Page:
By Al Kaufman
Will Hoge is the type of guy you’d expect to see doing Chevy commercials. The guy is the heart of America. His songs are big and majestic with the right amount of twang, and they cover the topics that Americans care about; stuff like love gone sour, growing old, and failing to make it in life. It’s not exactly “Sexy and I Know It,” but you somehow feel good listening to it.
Hoge has often been thought of as a Southern Springsteen, but he is more of an erudite everyman. He’s country enough to rhyme “fail” with “hell” on “Trying to Be a Man,” and claim he’s “whiskey from a jar” while his girl is “a fine wine” in “No Man’s Land,” but he can call Shakespeare a traitor on “Fool’s Gonna Fly,” and write the most brilliantly succinct line about LA (“Nobody here will ever warn you how cold it all could be”) ever written.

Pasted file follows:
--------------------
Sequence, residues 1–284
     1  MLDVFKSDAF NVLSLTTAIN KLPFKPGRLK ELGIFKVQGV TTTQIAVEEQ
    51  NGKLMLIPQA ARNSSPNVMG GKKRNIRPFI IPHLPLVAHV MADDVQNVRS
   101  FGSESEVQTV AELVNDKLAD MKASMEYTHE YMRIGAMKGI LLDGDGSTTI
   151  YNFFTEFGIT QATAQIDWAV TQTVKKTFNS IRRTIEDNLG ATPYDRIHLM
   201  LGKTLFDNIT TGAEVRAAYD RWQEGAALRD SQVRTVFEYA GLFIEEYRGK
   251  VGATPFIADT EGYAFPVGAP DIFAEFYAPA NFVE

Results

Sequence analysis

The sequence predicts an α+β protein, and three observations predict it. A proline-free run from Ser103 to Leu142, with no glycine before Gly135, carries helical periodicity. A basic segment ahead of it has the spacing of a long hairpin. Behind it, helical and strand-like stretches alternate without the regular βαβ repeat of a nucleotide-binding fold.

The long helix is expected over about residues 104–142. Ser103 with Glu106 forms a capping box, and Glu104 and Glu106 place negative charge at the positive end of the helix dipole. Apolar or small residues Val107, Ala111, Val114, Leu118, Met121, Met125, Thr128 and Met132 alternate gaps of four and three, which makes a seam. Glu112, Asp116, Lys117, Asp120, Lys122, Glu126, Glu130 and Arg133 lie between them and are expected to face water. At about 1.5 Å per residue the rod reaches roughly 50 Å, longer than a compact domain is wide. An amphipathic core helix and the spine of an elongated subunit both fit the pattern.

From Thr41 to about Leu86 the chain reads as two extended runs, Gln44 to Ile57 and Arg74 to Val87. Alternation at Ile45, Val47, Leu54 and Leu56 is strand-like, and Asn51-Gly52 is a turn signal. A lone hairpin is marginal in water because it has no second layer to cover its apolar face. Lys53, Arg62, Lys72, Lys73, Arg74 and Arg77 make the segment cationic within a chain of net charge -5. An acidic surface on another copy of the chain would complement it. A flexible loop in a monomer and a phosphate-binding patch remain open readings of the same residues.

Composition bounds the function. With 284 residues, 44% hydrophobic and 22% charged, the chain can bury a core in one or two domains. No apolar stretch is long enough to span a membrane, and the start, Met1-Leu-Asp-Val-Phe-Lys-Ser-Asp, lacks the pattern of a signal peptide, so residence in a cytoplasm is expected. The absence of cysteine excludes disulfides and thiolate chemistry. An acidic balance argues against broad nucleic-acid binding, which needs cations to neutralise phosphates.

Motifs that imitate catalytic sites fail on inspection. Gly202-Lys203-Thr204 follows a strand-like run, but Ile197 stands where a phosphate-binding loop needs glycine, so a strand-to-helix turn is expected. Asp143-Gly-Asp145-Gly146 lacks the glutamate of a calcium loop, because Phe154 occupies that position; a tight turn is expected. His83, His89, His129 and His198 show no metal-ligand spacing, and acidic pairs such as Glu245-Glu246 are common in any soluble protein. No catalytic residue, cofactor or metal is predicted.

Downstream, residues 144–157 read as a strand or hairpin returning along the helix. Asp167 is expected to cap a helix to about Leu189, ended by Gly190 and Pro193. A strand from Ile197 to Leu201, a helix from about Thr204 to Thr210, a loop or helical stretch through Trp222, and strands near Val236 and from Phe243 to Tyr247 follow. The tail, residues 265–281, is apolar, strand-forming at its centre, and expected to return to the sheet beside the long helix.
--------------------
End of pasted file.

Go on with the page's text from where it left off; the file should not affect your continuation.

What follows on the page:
In fact, it is when Hoge is at his most Springsteenian that he stumbles. “American Dream,” meant to be the high point of the album, is overreaching. While it starts with the clever line, “It used to be a one-horse town but the pony went away,” but then the stores all closed, dad left, mom got sick, he came home from college to take care of her, he lost his house, and now is homeless on the street with a sign that says “Jesus loves you.” “The Illegal Line” has the same problem. Lines such as “$4 an hour but nobody moans because it’s $3.50 more than we can get back home,” feel forced. Add to it the fact that he sends money home to his wife and kids and eventually gets deported after “they came in through the door with guns and lights, screamin’ ‘get on the floor.'” and the song reads more like a liberal sociology class lecture rather than art.
But Hoge is at his best when he writes big melodies for small people. He saves the best for last with “When I Get My Wings.” It’s a full-blown Stax-influenced piece of soul that would be played every Sunday at the Church of Lost Love. It’s rich and heartfelt, just like we’ve all come to expect from the heart of America.